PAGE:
In the 1960’s, West Germany began a series of investigations on the Operation Reinhard camps. West Germany arrested and tried a number of SS and Ukrainian guards who had served at one of the three camps. The trial of Adolf Eichmann in Israel in the early 1960’s brought considerable attention to the Operation Reinhard death camps. Several survivors of Treblinka and Sobibor testified at the Eichmann trial. Public interest in these camps has not faded and ongoing efforts to prosecute guards and staff continues to this day. For instance, Ivan Demjanjuk, who had immigrated to the United States, was accused of being “Ivan the Terrible” in 1986. “Ivan the Terrible” was a Ukrainian guard of extreme cruelty at the Treblinka camp. Demjanjuk was deported to Israel where he was prosecuted in 1987. The Israeli court convicted him and sentenced him to death, but the sentence was overturned on appeal after new evidence showed that Demjanjuk had been at Sobibor, not Treblinka. In 2010, he was put on trial again for his role at Sobibor. He was convicted in May of 2011.
There have been a series of official investigations into all three Operation Reinhard death camps. They are as follows:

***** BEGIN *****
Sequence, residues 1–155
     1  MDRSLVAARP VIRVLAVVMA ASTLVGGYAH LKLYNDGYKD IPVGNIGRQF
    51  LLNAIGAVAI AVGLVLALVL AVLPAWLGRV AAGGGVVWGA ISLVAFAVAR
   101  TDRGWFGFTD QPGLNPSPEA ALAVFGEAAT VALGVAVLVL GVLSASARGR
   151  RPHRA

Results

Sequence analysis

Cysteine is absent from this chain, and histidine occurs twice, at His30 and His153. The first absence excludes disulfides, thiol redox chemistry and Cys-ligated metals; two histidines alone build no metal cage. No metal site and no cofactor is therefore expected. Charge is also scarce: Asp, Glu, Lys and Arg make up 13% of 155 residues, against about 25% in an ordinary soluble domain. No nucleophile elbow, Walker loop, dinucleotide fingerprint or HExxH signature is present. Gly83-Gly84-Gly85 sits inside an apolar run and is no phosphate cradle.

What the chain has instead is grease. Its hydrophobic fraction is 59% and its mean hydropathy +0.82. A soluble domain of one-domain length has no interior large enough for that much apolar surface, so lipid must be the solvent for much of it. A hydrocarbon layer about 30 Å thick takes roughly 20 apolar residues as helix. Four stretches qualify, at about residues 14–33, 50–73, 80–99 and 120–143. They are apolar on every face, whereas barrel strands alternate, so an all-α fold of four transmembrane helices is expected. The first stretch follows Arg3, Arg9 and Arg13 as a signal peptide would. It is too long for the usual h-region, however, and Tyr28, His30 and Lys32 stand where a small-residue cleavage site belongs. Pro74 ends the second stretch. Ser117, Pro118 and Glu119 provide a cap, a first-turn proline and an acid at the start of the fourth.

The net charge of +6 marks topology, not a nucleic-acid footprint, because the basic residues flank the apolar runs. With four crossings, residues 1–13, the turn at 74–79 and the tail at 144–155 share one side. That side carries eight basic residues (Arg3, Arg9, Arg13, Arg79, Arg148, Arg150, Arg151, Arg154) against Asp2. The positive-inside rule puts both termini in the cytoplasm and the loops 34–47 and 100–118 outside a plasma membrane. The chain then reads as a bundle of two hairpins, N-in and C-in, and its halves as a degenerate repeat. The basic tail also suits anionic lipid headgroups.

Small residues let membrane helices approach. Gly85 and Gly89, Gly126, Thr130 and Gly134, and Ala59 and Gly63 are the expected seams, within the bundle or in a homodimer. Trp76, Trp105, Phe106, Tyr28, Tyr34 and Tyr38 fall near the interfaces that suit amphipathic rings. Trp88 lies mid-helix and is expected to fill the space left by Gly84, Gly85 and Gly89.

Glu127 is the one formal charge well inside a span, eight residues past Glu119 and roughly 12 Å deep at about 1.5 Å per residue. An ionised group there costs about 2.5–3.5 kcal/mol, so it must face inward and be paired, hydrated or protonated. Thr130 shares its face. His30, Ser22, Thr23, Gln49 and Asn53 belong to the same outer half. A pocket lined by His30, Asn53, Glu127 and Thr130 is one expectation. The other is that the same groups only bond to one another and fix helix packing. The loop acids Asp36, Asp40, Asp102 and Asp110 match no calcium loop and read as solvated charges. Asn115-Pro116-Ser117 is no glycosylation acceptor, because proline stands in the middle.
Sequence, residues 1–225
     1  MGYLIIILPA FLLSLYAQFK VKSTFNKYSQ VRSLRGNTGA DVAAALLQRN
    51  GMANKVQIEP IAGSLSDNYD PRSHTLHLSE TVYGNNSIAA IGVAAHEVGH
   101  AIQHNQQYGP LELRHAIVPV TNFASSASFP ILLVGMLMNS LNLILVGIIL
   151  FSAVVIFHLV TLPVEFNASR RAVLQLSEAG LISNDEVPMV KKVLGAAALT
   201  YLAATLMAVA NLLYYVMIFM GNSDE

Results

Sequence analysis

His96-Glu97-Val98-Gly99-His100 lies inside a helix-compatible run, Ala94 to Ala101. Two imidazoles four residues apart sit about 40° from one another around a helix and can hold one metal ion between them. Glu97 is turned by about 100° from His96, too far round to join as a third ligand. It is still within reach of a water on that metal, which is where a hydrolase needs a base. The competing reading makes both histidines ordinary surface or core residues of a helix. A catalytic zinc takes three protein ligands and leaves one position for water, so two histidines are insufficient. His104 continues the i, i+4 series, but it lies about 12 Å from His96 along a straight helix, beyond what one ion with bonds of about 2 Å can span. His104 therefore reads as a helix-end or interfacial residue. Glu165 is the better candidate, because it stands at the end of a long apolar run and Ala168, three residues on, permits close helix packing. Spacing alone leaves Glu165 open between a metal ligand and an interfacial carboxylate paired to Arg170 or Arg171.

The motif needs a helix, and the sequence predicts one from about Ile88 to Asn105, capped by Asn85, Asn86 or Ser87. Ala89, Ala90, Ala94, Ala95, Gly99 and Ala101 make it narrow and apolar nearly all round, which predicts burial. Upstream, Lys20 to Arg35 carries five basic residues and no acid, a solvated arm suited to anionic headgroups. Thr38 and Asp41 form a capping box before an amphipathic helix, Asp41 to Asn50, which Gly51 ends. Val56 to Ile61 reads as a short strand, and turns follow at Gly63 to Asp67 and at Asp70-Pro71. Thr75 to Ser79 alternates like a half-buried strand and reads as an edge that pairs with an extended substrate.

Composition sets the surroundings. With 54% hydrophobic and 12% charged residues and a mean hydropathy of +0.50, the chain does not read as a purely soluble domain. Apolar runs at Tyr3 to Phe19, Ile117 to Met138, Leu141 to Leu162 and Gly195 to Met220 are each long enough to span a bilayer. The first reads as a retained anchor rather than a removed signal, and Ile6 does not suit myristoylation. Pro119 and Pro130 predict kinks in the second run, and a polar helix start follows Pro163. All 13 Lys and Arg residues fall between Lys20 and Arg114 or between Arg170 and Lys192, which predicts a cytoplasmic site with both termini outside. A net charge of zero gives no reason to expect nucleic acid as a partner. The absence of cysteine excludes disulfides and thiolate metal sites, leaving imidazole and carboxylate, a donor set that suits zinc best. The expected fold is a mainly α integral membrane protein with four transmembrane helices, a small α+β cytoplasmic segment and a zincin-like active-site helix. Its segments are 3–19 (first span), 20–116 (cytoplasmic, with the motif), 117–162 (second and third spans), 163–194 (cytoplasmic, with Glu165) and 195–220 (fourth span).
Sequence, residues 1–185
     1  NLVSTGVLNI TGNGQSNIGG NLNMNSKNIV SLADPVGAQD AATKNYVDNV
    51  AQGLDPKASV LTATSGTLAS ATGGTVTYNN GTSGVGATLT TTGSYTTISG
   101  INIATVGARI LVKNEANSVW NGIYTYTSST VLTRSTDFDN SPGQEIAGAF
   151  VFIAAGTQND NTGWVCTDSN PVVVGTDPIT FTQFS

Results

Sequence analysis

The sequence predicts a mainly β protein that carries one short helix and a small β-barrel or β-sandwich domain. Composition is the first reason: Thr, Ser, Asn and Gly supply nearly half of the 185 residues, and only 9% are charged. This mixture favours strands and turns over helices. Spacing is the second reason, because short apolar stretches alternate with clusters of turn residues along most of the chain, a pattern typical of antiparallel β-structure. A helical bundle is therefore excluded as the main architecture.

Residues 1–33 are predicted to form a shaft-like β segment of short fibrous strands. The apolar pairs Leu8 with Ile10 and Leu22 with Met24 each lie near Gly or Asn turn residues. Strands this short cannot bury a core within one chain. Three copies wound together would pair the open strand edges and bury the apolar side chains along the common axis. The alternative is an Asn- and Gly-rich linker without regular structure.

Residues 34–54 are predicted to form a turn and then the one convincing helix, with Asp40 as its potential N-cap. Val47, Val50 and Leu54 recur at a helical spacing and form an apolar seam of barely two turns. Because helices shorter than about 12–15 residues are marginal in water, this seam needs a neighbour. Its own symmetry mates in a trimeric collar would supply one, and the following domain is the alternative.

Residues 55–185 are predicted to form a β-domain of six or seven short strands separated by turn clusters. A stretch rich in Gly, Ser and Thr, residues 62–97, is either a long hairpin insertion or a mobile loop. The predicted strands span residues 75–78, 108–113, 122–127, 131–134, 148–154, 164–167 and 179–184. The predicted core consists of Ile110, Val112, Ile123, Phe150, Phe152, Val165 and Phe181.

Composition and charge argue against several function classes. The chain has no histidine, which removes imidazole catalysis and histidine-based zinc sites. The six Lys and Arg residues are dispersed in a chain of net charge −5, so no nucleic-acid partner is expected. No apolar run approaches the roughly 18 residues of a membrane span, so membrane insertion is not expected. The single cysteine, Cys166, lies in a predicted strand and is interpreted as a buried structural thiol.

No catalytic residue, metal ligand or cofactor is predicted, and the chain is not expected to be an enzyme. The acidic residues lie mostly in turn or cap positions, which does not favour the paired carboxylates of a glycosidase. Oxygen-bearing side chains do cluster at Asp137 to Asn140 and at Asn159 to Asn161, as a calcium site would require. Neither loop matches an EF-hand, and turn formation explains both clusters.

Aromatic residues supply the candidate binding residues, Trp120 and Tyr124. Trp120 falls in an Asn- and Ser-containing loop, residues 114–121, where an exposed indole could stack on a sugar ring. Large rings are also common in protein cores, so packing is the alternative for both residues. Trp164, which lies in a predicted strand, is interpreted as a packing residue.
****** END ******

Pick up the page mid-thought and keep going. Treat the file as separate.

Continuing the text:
From 1997 to 1999, Andrzej Kola, an archaeologist, conducted a thorough examination of the Belzec grounds. By drilling cores every 25 feet, he discovered the exact the locations of the mass graves. Kola’s intention was not to excavate the graves themselves, but to chart their locations and dimensions so authorities could avoid them when building a new memorial to the victims. Kola also did some excavation of camp buildings.
In 2001, Kola examined the grounds of Sobibor, definitively locating seven large graves and several camp buildings. In 2007, notable Israeli archeologist Yoram Haimi, alongside several other archaeologists, conducted an investigation at Sobibor. They too located many artifacts and mapped the location of camp buildings. Haimi’s work at Sobibor is ongoing and has been recently documented in a report. In 2012, he was requested to do additional archeological work so that a new memorial could be erected.
As stated above, already in 1945 the Central Commission for Investigation of German Crimes in Poland conducted an investigation of the Treblinka death camp. During this investigation, they excavated several graves in Treblinka and found quantities of ash, bones, and body parts. No other investigation occurred until 2010, when Caroline Sturdy Colls, a forensic archeologist, began a scientific investigation of the grounds. Using GPR (Ground Penetrating Radar), Colls has preliminarily identified “a number of buried pits” that are “considerable in size, and very deep, one in particular is 26 by 17 meters [85 by 58 feet].” Colls noted, “Another five pits of varying sizes and also at least this deep” are located near the large pit. Furthermore, “given their size and location, there is a strong case for arguing that they represent burial areas.” Colls work has received accolades and re-sparked public interest in the death camps.